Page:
Posted by: Patricia Salkin | March 19, 2021

NY Appellate Court Reverses Trial Court’s $8.95 Million Condemnation Award, Rejecting Claimants’ Appraisal and Issuing New Judgment Consistent with the Evidence

This post was authored by David Cooper, Esq. of Zarin & Steinmetz

Claimants were the owners of a vacant waterfront site in the Village of Haverstraw, zoned for residential development. On March 27, 2008, the Village condemned the subject property in connection with a large-scale waterfront redevelopment project. The Claimants thereafter filed a claim seeking direct damages for the loss of the subject property. In advance of a nonjury trial on the issue of compensation, claimants submitted an appraisal calculating the market value of the subject property on the vesting date as $13,100,000.00. The Village submitted an appraisal calculating the market value on the vesting as $2,140,000.00.

While both appraisers agreed that the highest and best use of the subject property was multi-family residential, they differed greatly on the number of units that could be built. Claimants’ Appraiser assumed 131 units could be built. This assumption was premised upon a development scheme prepared by a planning professional, who relied upon subsurface parking to meet local zoning requirements. Claimants’ planner did not consider the cost to construct subsurface parking, or whether such costs would impact the financial feasibility of the assumed 131-unit development. The Village’s Appraiser assumed that an 80-unit townhome development could be built. This assumption was premised upon a development scheme prepared by an engineering firm, that reviewed soil tests establishing that a shallow subsurface water table at the site would significantly increase construction costs if subsurface parking were included in the development. The engineering firm also prepared an opinion of probable costs (OPC), showing that various atypical construction expenses would be necessary to pursue a development at the subject property to accommodate the shallow water table, including reinforced utility lines, stormwater management features and special foundations. The Village’s Appraiser utilized this data to test the financial feasibility of the 80-unit development, based upon likely resale prices in the area as of the vesting date.

In addition, the Appraisers’ sales comparisons differed significantly with respect to the per-unit value of the subject property. While each appraiser selected the same comparable sales, they applied drastically different adjustments to arrive at their per-unit value. Claimants’ appraiser opined that a developer would be willing to pay $100,000.00 per unit. This opinion was premised, in part, on a contract with a similar purchase price the Claimants allegedly entered into months prior to the condemnation with an individual who had performed little due diligence concerning development potential or zoning. The Appraiser further opined that purchase prices in the local market increased at a rate of 1% per month. The Appraiser also applied various location adjustments to the comparable sales based on personal opinions regarding the quality of the neighborhoods each comparable sale was located in.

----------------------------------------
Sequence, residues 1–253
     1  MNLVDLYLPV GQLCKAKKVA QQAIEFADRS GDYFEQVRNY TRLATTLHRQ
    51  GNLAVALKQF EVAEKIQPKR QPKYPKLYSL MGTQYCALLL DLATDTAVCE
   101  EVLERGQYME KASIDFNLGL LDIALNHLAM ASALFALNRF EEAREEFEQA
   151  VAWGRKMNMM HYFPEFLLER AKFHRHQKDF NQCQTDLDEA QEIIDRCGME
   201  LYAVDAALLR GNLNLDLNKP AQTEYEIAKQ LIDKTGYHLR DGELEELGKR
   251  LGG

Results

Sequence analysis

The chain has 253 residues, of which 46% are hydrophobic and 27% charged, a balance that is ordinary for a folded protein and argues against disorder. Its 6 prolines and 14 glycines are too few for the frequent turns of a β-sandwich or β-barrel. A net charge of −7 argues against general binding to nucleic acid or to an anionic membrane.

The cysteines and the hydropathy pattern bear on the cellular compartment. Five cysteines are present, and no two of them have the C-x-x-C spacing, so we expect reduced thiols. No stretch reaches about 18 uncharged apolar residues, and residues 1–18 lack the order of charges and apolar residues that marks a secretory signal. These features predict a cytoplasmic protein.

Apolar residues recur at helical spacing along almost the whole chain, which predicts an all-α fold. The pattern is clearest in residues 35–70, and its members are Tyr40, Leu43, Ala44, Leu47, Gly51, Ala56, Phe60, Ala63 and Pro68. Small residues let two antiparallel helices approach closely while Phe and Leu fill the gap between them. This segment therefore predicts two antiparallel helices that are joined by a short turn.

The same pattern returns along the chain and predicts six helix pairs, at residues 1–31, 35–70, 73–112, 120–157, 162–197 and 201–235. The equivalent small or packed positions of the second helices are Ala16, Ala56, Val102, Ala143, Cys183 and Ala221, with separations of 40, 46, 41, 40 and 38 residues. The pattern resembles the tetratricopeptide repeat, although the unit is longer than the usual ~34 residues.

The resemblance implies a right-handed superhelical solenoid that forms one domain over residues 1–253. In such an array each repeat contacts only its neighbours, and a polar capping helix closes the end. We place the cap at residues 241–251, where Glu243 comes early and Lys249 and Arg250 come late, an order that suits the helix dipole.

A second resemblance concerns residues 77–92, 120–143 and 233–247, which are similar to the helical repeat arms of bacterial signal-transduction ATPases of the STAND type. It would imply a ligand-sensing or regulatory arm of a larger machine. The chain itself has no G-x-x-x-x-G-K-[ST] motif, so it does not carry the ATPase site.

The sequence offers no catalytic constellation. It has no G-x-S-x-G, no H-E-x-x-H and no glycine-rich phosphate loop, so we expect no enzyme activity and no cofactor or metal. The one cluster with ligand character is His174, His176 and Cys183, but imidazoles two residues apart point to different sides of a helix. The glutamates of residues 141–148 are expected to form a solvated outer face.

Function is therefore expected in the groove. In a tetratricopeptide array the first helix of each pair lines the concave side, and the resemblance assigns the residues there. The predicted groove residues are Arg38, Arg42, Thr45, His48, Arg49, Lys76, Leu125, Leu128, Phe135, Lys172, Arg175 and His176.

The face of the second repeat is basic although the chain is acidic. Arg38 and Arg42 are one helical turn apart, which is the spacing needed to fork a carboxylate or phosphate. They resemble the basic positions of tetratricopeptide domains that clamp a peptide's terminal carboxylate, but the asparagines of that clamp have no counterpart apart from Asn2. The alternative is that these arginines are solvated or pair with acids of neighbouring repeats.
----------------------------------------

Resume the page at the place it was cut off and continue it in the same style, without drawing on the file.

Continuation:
The Village’s Appraiser opined that a developer would be willing to pay $50,000.00 per unit as of the vesting date. Of significance to the Appellate Division, the Appraiser’s opinion was premised upon a sales comparison approach backed by “facts, figures and calculations” in accordance with the Uniform Rules of the Supreme Court set forth in 22 N.Y.C.R.R. Section 202.60. This included housing market data and industry reports demonstrating that the effects of the Great Recession on housing prices started to occur prior to the vesting date, resulting in a downward trend in sale prices. It also included a survey of sale prices in the neighborhoods in which each comparable sale was located, which provided an empirical basis to calculate location adjustments.

After trial, the Supreme Court rejected both Appraisers’ adjustments, and awarded Claimants $8,950,000.00 in just compensation. On appeal, the Appellate Division reversed the Supreme Court’s decision. The Appellate Division found that the Supreme Court should have rejected Claimants’ Appraisal.

As to the highest and best use, the Appellate Division found that the only opinion “supported by the evidence” was the Village’s 80-unit development. Whereas Claimants’ experts failed to consider construction costs, the Village’s experts established the financial feasibility of its proffered highest and best use through “exhibits detailing the construction and development costs underlying the analysis.”  The Village’s Appraiser also demonstrated that there was a demand for a townhouse development as of the vesting date based upon other development in the area.

With respect to the sales comparison approach, the Appellate Division found that the contract relied upon by Claimants’ Appraiser did not reflect a normal “arms-length” transaction sufficient to sustain an opinion of value given the timing and lack of due diligence prior to execution. In addition, the Court rejected the Appraiser’s adjustments because he failed to demonstrate the empirical basis upon which the adjustments were calculated. In the Court’s opinion, the only adjustment supported by the requisite “facts, figures and calculations” were the location, market conditions and topography adjustments applied by the Village’s Appraiser. All of the Appraisers’ other adjustments were rejected.

Finally, the Appellate Division determined that a total of $621,818.00 in atypical costs should be deducted from the purchase price to reflect the “atypical” construction costs identified by the Village’s Engineers.

In re Matter of Village of Haverstraw (Ray River, Co.),  2021 WL 710499 (2d Dep’t 2021)

A copy of the Decision and Order can be accessed here:

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